Organic Foods – Kids Plan to Eating Healthy
The origin of the term and its meaning
“Organic” foods are on the shelves of supermarkets and grocery stores everywhere because more and more people are turning to organic food options. In fact, more than $24 billion of organic foods and beverages were purchased in 2008 and the industry continues to grow.
In organic farming, strawberries, for instance, will be grown without the use of chemical pesticides or fertilizers. These chemicals are often used in conventional farming to keep bugs from eating or harming plants and crops, and to keep weeds from growing. For foods to be labeled “certified organic,” vegetables and fruits must be grown on farmland where chemical pesticides and fertilizers have not been applied for three years. Where livestock are raised for milk or for meat, the animals must eat feed that has been grown without the use of chemicals or pesticides. The animals must be given access to pasture that has not been treated with chemical agents for a minimum of 3 years, and must not be given any kind of growth hormones or routine antibiotics.
To enhance the fertility of farmland without chemical fertilizers, farmers will practice crop rotation. This keeps the soil from continuously being drained of certain minerals in the same soil layers by certain crops. Also, farmers will use the process of composting and spreading manure onto the soil. They may also release onto their land certain insects that are known to feed on bugs that are eating the leaves of his or her crops.
Organic farming is an age-old practice. It wasn’t until after World War II that chemicals came to be introduced into the agricultural industry. A chemical used for ammunition, ammonium nitrate, was found to be an effective fertilizer. Another chemical disbursed into the air over U.S. enemies, organophosphate nerve gas, was later used in the production of powerful insecticides.
Organic farming looks to improve the quality of crops and crop yields in a way that works harmoniously with nature and doesn’t cause harm to the environment or people.
How to identify an organic food
Consumers now are able to easily tell organic foods and beverages from their non-organic counterparts. The United States Department of Agriculture (USDA) has created standards, or rules, that American farms must follow in order to continue claiming their products are “Organic” or “100% Organic.” Large commercial farms are frequently inspected to ensure standards are being followed, and if found to be placing false organic labels on their products, can face lawsuits and hefty fines. Smaller, “farmer’s market” type operations are inspected, but can also face fines if their supposed organic products aren’t organic after all. Fines can be as much as $10,000 for each offense.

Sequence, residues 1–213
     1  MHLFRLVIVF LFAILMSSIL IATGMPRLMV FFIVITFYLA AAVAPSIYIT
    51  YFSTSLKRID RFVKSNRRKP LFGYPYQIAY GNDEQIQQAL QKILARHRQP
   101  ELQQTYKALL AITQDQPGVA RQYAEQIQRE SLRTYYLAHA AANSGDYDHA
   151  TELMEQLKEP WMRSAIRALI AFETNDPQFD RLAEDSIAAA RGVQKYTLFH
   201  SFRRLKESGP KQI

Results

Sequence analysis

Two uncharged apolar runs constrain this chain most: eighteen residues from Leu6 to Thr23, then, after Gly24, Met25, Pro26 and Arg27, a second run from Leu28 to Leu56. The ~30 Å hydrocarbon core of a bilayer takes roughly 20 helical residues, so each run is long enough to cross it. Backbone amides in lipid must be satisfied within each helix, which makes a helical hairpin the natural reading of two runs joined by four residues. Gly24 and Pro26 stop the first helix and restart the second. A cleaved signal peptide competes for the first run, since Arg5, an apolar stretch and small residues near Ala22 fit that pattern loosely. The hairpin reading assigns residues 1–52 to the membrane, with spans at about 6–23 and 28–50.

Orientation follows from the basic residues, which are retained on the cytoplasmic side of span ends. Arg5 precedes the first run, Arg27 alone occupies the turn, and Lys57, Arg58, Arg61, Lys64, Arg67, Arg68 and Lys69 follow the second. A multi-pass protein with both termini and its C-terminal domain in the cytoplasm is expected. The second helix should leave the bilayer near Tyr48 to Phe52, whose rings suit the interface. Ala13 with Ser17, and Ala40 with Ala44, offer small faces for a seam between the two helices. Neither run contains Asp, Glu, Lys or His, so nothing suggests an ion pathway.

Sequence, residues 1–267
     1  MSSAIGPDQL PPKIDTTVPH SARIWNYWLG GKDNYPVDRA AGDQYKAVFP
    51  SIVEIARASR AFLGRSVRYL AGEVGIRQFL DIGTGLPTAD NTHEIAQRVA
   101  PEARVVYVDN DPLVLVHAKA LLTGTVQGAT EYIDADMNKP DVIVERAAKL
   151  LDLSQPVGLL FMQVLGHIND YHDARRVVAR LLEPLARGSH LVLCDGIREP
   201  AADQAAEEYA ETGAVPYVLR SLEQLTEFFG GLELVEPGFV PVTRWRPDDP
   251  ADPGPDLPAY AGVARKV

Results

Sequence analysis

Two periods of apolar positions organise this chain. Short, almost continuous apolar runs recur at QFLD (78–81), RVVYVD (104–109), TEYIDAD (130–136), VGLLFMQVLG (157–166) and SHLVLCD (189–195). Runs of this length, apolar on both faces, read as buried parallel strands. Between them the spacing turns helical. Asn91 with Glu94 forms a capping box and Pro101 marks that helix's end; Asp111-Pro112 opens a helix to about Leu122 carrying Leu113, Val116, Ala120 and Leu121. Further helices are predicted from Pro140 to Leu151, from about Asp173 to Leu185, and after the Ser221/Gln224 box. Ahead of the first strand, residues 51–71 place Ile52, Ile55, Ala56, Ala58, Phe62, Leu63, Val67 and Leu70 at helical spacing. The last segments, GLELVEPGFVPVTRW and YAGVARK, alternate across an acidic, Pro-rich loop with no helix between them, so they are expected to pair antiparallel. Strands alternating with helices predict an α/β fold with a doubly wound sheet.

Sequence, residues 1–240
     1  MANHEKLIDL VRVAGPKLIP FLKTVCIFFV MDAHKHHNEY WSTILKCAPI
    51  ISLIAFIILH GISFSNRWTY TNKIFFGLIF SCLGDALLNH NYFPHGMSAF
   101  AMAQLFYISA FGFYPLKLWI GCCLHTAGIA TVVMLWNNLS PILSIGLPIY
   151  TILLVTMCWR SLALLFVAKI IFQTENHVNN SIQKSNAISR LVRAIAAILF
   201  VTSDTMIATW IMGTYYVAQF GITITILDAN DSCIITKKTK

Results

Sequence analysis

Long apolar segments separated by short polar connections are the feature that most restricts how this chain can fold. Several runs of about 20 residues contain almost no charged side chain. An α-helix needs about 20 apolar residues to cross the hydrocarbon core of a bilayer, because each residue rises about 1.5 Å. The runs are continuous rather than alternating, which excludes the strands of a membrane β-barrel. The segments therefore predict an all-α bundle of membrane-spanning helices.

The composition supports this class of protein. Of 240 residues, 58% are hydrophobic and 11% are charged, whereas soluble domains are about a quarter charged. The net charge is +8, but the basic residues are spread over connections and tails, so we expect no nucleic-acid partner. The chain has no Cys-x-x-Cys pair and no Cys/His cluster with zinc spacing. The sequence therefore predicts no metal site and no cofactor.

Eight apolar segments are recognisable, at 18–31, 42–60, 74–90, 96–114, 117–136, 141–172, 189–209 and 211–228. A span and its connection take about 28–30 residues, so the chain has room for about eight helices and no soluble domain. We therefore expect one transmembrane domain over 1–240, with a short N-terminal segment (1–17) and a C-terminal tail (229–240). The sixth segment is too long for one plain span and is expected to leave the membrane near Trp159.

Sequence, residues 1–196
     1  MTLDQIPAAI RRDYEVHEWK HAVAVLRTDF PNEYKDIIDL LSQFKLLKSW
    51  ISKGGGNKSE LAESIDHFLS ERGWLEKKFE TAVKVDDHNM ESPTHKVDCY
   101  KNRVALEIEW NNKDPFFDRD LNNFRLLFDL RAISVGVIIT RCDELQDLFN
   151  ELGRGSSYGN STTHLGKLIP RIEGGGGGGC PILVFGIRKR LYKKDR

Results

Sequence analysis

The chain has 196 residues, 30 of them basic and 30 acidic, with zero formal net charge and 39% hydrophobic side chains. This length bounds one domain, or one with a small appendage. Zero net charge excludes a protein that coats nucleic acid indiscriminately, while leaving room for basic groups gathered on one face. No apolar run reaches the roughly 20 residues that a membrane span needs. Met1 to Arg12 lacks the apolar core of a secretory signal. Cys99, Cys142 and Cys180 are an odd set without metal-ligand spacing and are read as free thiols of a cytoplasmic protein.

Types of Organic Foods
As organic production grows in popularity, more products, even some you might not have expected, are earning the organic label, like wines, shampoo, or body wash. According to the USDA, Environmental Working Group, and Consumer Reports, there are certain foods that by the time they reach supermarket shelves, most of the actual pesticide chemicals have been rinsed away but some chemical residue tends to remain. Perhaps choosing organic counterparts of some of those food items is a good place to start.
Most tree fruits, such as apples, pears, peaches, nectarines, and cherries are usually sprayed frequently with pesticides during the growing process, and even after washing, still tend to contain pesticide residue. Celery, leafy greens like spinach and lettuce, bell peppers, and potatoes usually contain higher amounts of pesticides than other vegetables. Grapes that are imported to the U.S. from other countries are treated with pesticides that may not be completely removed before they reach America’s grocers. Red raspberries have been found to contain pesticide residue, and strawberries are one of the top items to be found carrying pesticide residue after washing.
Some foods, even when grown by conventional methods, typically don’t require high amounts of pesticides. What is even more helpful is that their skin, which may hold much of the chemical residue, is removed and not eaten: pineapple, mango, avocado, bananas, and onions.
It’s important to note, however, that the USDA and the Food and Drug Administration (FDA) ensure that when food reaches our grocery stores, it is SAFE — even if grown with conventional methods that include use of pesticides. For consumers who are looking for the “best” organic foods, choose fruits and vegetables that are “in season” and grown locally. These are likely to have few preservatives applied because they are transported over short distances.
How eating organic is good for you
Some experts say that organic foods don’t provide any more nutritional value than foods grown conventionally. Other experts disagree. What they do agree on, though, is that with organic agriculture, chemicals are not used in the environment that could leach into water supplies; animals aren’t given hormone or medicinal treatments that end up in their milk or meat. Shoppers can be assured that when they choose foods with “organic” on the label, these edibles are produced using environmentally-friendly practices that pose low health risks for consumers.
Snack suggestions for parents
Parents should know that just because a food is labeled as “organic” doesn’t automatically mean it is a good-for-you food. Some snacks like potato chips could actually have an “organic” label.
Some ideas for healthy, organic snacks for kids include fruit smoothies and smoothies made with yogurt, fruit skewers or kabobs, fresh hummus with multi-grain crackers, or home made granola with dried fruit and nuts!